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What I Learned About Printing On Matboard

I just finished another challenging framing project [Editor: see Our Latest Framing Project]. One new skill I had to develop was printing on matboard.

To see the Note click here.To hide the Note click here.
Other new skills include cutting curved mat openings freehand. Since I found so little information about that online (and I was told YouTube had a video for everything), I might have to discuss that at some point.

This project also gave me another opportunity to practice building the frame using multiple moulding widthsHow To.

I plan to describe this framing project soon.

My client wanted to frame his print of a comic strip using a dark purple mat. Neither Crescent nor Bainbridge has a huge selection of purples, but from their catalog, it looked like Crescent’s “Dark Purple” (89886) should work nicely. I ordered a sheet, but when I picked it up, neither I nor my client thought it was dark enough.

The Challenge

I asked for ideas on the framers’ forums, but no other purple matboards were suggested. In fact, the only suggestion I received was to use acrylic to paint my own matboard.

Before I had traveled too far down that road, I remembered that ages ago I printed on Arches Natural White Cold Press Watercolor Paper (850 gsm)Specs for another client. That wouldn’t be suitable for this project, but it did turn out to be slightly thicker than matboard. And its texture disproved any notion that only the smoothest matboard would possibly work for printing. Maybe I could use our Epson Stylus Pro 9900 wide-format inkjet printer with pigment inks to create the right color. I prepared a few test samples.

My first efforts were terrible. First I tried Crescent Ragmat 1607 “Brite White”. The matboard went through the printer OK, but the color sucked. So I made a color profile (see details and downloads in the next Note). It turns out this medium has a much smaller color gamut than any other medium I’ve worked with. All of the colors seem dull and washed out. The purple I was trying for was just off the edge of that palette, so even the color profile didn’t help me.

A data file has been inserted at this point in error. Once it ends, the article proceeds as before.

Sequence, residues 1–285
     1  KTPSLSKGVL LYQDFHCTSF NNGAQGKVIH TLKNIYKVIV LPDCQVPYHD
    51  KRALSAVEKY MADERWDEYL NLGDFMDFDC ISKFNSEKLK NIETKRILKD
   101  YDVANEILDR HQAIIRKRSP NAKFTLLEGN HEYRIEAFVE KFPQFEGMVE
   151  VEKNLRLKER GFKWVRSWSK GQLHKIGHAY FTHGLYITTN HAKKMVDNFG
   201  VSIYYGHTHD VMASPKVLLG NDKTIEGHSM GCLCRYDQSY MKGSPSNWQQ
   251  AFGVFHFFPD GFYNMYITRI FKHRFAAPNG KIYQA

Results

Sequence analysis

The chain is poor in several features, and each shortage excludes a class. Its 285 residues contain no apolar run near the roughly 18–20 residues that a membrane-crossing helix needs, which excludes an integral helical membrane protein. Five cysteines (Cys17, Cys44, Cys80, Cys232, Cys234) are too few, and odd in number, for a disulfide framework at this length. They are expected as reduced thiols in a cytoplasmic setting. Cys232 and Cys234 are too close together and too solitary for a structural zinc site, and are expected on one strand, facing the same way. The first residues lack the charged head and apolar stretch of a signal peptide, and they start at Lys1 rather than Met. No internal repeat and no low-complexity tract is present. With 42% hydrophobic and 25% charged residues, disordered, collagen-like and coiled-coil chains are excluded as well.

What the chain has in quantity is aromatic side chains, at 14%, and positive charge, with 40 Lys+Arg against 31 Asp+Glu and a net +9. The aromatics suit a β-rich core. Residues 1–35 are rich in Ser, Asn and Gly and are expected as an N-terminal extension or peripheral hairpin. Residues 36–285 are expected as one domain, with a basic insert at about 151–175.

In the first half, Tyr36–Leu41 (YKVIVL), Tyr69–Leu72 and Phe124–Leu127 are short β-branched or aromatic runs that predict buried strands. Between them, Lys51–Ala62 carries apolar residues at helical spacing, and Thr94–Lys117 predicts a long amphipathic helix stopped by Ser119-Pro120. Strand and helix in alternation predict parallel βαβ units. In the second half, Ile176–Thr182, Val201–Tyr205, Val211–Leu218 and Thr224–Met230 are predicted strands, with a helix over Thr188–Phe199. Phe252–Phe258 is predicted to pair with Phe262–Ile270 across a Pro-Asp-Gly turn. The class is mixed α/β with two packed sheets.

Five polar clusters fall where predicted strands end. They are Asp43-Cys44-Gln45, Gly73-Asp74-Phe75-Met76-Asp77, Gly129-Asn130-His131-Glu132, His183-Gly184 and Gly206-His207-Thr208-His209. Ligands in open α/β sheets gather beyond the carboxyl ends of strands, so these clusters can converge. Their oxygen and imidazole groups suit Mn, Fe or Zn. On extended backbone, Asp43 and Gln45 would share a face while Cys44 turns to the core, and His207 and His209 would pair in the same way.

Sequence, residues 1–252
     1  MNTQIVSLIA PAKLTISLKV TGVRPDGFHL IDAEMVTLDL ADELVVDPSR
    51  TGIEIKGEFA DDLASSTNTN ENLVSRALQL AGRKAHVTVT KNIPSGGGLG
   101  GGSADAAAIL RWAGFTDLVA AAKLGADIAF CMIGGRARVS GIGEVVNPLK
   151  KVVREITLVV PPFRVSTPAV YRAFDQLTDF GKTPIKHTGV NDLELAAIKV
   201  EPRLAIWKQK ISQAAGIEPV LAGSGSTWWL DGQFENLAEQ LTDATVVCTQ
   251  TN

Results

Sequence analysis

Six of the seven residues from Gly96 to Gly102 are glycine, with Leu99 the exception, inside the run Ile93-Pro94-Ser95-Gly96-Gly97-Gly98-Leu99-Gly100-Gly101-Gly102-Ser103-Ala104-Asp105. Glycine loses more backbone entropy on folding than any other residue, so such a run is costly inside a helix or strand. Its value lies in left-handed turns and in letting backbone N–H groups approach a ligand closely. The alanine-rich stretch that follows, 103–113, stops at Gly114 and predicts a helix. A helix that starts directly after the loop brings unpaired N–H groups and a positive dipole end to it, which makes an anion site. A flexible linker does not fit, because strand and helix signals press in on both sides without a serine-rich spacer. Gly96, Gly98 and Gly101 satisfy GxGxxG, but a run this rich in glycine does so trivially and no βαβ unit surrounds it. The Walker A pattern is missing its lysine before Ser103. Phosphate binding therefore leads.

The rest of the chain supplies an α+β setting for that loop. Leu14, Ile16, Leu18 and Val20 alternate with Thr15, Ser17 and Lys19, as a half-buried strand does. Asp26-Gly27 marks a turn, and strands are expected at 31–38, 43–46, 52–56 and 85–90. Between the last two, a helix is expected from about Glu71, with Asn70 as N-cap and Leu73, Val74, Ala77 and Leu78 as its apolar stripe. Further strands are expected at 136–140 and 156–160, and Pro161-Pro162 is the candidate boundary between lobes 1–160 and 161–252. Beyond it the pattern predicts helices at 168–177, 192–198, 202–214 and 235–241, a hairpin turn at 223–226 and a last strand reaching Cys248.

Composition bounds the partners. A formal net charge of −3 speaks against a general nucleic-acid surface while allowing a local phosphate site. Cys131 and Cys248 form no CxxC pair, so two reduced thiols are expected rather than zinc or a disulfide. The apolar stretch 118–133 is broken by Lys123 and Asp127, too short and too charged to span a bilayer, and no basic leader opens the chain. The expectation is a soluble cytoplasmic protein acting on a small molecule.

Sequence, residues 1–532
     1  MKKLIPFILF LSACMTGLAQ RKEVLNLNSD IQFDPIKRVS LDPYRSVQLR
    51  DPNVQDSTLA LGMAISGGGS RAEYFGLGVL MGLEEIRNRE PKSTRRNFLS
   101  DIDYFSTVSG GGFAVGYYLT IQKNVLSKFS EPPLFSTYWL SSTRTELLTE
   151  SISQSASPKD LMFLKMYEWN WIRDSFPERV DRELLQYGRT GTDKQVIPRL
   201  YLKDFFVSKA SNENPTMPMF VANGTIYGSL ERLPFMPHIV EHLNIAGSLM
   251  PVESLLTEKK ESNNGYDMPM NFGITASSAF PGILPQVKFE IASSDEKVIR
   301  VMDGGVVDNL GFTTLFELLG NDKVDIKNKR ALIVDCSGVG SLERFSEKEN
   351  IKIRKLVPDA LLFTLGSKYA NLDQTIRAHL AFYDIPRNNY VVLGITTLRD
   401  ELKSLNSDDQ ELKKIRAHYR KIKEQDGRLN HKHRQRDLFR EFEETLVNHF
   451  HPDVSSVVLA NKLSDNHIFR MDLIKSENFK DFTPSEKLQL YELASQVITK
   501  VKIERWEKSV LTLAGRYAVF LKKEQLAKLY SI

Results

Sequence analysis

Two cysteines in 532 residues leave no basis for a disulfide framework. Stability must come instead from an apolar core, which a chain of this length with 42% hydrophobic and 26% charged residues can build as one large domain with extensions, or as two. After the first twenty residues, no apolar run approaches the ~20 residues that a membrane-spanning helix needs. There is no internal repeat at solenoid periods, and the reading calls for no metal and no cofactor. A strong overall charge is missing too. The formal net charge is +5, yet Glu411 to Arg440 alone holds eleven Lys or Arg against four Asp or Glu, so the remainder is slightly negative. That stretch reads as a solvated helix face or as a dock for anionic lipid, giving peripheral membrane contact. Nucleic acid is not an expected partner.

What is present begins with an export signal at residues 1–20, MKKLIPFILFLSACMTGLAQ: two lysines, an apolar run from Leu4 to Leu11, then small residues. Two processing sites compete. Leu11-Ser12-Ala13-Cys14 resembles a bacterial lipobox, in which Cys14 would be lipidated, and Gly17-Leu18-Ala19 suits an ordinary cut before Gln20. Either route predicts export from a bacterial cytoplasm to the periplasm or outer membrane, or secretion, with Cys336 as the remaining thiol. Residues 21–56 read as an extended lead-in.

Then I tried Crescent Select 9500 “White Glove”, but the gamut and the results were pretty much the same. I even tried Crescent Select 9850 “Silver” which, as you might expect, had a shinier surface. That surface didn’t absorb enough ink to keep it from smearing, even after changing the Drying Time per Print Head Pass to its maximum of 50 tenths of a second. (Perhaps there is a media type other than “Metallic Photo Glossy” that would use less ink.)

To see the Note click here.To hide the Note click here.
Using X-rite i1Photo Pro 2, I made the profile CrescentRagmat1607.icm for our Epson Stylus Pro 9900 printer. To download, click here.

To download CrescentSelect9500L.icm, click here.

For Windows 10, these files should wind up in your C:\Windows\System32\spool\drivers\color folder.

This is when I came up with another way to make the purple darker. It used a technique inspired by comics of the 1930s (even though the comic strip we were framing didn’t use that technique). I’ll give more details in my upcoming article.

Other Options

  • First, just because my matboard samples couldn’t give me the purple I was looking for, the idea still has value. In fact, my solution to the purple problem did involve printing on the “Dark Purple” mat I had purchased for the project.
  • Although I did not pursue the acrylic paint option, neither did I rule it out.
  • Just after I finished the comic strip project, I read about Epson’s Enhanced Matte Posterboard. So I ordered some. A sheet measures 30″ by 40″ instead of the 32″ by 40″ of most matboards. On a price-per-square-inch basis, it costs about 20% more. Of course, this doesn’t include the additional cost of printer ink, but that would only be a factor if there was already a matboard with the color you needed. The posterboard is a tad thicker than matboard, but still fits into the printer just fine. The posterboard seems a bit denser and takes a little more effort to cut. Its color gamut looks pretty good, though and Epson already has a color profile for the printers from major manufacturers.
  • I just watched a video from the Professional Picture Framers Association about wrapping fabric around matboard (or moulding). It looks feasible, but I haven’t tried it or even researched the cost or color availability.

In Conclusion

Knowing that you can print on matboard opens up possibilities – not just new colors, but stripes, spirals, and who knows what else. It adds another tool to your arsenal.

This was not intended to be the definitive source for printing on matboards. Had there been a definitive and comprehensive article on the subject, neither one of us would be here. But lacking that, I hoped to give you enough information to get the job done. Good luck.


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